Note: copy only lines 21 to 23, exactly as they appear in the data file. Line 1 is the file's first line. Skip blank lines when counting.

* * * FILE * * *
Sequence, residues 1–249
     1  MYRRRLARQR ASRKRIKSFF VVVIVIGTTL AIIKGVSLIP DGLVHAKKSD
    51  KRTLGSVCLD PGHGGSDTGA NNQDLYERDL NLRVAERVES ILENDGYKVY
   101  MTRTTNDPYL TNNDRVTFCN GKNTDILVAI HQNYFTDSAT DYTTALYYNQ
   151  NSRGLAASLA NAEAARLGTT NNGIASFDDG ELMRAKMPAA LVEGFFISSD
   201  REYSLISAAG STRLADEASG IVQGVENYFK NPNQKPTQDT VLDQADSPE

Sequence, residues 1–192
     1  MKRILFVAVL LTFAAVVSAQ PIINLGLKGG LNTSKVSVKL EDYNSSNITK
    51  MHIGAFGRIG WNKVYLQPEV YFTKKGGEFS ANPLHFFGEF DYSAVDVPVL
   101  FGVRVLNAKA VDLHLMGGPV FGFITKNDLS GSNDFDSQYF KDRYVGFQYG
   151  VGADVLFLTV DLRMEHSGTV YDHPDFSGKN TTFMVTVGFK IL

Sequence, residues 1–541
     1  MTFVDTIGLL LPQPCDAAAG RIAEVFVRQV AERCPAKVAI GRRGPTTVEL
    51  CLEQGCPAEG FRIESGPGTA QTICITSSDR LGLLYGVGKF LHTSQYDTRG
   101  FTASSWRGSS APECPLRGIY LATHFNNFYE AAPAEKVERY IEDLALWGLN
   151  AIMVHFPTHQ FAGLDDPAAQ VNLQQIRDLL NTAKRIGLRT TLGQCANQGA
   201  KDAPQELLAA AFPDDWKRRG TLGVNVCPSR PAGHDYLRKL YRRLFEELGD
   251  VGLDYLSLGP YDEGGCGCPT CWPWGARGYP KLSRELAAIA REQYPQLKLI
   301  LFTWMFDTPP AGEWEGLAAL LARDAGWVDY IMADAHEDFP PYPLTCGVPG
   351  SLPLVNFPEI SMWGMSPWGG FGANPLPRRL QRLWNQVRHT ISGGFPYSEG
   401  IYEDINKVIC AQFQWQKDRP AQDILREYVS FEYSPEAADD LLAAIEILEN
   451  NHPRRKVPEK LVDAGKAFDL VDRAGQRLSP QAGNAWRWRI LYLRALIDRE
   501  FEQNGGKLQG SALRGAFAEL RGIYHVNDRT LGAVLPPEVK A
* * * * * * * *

   401  IYEDINKVIC AQFQWQKDRP AQDILREYVS FEYSPEAADD LLAAIEILEN
   451  NHPRRKVPEK LVDAGKAFDL VDRAGQRLSP QAGNAWRWRI LYLRALIDRE
   501  FEQNGGKLQG SALRGAFAEL RGIYHVNDRT LGAVLPPEVK A